Legal sales would decrease by at least 20 percent over 12 months. This is evidence not of people quitting smoking due to higher taxes, but of individuals and businesses finding ways to evade cigarette taxes. A 2004 study helps confirm this by finding that up to 85 percent of the sales tax decrease comes from tax avoidance rather than actual declines in smoking.
The bulk of the cigarette smuggling increase comes from commercial smuggling--of organizations that import cigarettes from lower tax areas or through counterfeiting with distribution systems in state. If the tax hike passes, it's expected that 3 out of 10 cigarettes in Washington will be through these me!
The Governor said yesterday in the State of State that "Jobs are the way out of this recession." Based on a bill introduced today, some lawmakers believe that one way to increase private sector jobs is to stop government from providing commercial type activities.
Sec. 1. (1) The legislature finds that in the process of governing, the state of Washington should not engage in commercial activity in competition with its citizens. The legislature finds that the competitive enterprise system, characterized by individual freedom and initiative, is the nation's primary source of economic strength, and that the growth of pr!
ivate enterprise is essential to the health, welfare, and prosperity of the citizens of the state of Washington. The legislature further finds that the role of the private sector is to provide commercial products and services for which there is demand in the marketplace, while the role of state agencies is limited to performing functions that are in the public interest and inherently governmental in nature.
(2) The legislature therefore declares it to be the general policy of the state that state agencies are prohibited from providing to the marketplace for a fee those products or services that could be obtained from a private enterprise . . .
Sec. 2. (1) State agencies are prohibited from engaging in commercial activities for a fee, unless they are granted an exception by the office of financial management.
Continuing this theme, Sen. Joe Zarelli (R-18) issued a new "Budget Tidbit"!
today focusing on the need for the state to take advantage of the seldom used competitive contracting reform adopted in 2002. Zarelli recommends that the state enact a Competition Council to determine "the privatization potential of a program or activity and performing a cost-benefit analysis."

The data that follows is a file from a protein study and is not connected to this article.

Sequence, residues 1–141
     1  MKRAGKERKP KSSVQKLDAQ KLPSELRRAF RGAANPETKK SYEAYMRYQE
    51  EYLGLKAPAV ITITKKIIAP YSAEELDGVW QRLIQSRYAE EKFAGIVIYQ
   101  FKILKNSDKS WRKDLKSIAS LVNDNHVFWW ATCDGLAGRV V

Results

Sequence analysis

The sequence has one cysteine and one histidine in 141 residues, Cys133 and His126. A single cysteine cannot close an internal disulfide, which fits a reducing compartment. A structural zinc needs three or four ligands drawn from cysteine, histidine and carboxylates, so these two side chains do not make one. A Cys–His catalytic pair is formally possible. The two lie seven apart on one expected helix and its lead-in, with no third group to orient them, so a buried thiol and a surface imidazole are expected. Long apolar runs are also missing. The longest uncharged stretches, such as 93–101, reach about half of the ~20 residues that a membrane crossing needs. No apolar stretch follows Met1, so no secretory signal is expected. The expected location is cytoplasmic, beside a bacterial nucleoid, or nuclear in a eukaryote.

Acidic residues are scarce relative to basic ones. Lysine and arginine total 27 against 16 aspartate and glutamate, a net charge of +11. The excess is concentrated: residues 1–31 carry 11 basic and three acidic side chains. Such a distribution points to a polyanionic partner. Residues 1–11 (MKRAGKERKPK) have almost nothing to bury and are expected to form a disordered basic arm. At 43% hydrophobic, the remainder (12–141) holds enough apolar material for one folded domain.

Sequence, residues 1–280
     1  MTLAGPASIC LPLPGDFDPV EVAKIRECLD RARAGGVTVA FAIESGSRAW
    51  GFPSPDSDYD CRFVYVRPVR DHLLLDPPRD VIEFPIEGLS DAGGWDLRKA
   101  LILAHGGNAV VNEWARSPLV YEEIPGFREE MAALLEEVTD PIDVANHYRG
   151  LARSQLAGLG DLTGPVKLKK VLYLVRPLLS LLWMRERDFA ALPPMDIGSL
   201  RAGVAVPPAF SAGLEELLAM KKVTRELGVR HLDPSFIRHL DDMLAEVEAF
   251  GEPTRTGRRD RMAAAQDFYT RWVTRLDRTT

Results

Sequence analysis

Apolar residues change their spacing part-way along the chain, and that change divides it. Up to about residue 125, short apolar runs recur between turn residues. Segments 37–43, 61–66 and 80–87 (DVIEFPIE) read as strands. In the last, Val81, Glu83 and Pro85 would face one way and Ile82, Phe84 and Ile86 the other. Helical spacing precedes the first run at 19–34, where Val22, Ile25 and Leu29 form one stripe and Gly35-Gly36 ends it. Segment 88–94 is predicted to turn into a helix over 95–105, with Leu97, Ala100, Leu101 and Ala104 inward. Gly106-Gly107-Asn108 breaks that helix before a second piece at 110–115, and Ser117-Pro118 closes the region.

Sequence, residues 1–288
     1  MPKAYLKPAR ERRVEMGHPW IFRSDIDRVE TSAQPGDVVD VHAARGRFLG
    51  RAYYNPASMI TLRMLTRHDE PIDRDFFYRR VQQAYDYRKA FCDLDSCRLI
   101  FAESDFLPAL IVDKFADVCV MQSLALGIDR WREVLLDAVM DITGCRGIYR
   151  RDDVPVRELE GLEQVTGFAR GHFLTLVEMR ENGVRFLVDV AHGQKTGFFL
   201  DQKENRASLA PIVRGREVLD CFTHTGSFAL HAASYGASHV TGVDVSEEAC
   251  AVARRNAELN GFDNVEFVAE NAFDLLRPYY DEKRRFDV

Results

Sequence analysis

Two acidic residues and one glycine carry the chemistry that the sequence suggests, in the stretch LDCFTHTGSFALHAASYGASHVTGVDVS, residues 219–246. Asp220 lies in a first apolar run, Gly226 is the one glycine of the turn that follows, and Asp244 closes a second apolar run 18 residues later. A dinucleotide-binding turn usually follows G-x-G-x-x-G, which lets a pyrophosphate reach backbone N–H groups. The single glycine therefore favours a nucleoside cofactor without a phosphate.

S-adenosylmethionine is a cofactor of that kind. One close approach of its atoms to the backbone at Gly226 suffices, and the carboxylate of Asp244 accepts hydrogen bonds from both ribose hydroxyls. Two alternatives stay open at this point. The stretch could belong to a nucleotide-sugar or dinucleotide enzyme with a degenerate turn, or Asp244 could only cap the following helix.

The recommendations of State Auditor Brian Sonntag's and Attorney General Rob McKenna's Open Government Task Force have taken bill form. HB 2736 and SB 6383 (Establishing the office of open records) was introduced this afternoon.
According to the bills, a requester seeking relief from a records dispute may either use the new office of open records or the current legal remedies available. The major change, however, is that a requester would not be entitled to penalties for a records violation unless they first sought relief from the office of open records.
;However, in no event may a court award a penalty unless such person received a final order from the office of open records before prevailing against an agency in court pursuant to this subsection." - (Section 4, 4)
We made this recommendation at the October 5 meeting of the Open Government Task Force to help incentivize the use of the new office of open records while not restricting the right of citizens to go directly to court for relief.
Here are additional details on Thursday's hearing:
Labor, Commerce & Consumer Protection - 01/14/10 3:30 pm Full Committee Senate Hearing Rm 4 J.A. Cherberg Building Olympia, WA
REVISED 1/11/2010 4:10 PM
1. SB 6239 - Making technical corrections to gender-based terms. 2. Exempting pipe tobacco from restrictions on shipping tobacco to consumers in Washington [S-3480.1]. 3. An act relating to creating a beer and wine tasting endorsement to the grocery store liquor license [S-3579!
.1]. 4. Concerning beer and wine tasting a!
t farmers markets [S-3563.1]. 5. SB 6204 - Privatizing the sale of liquor.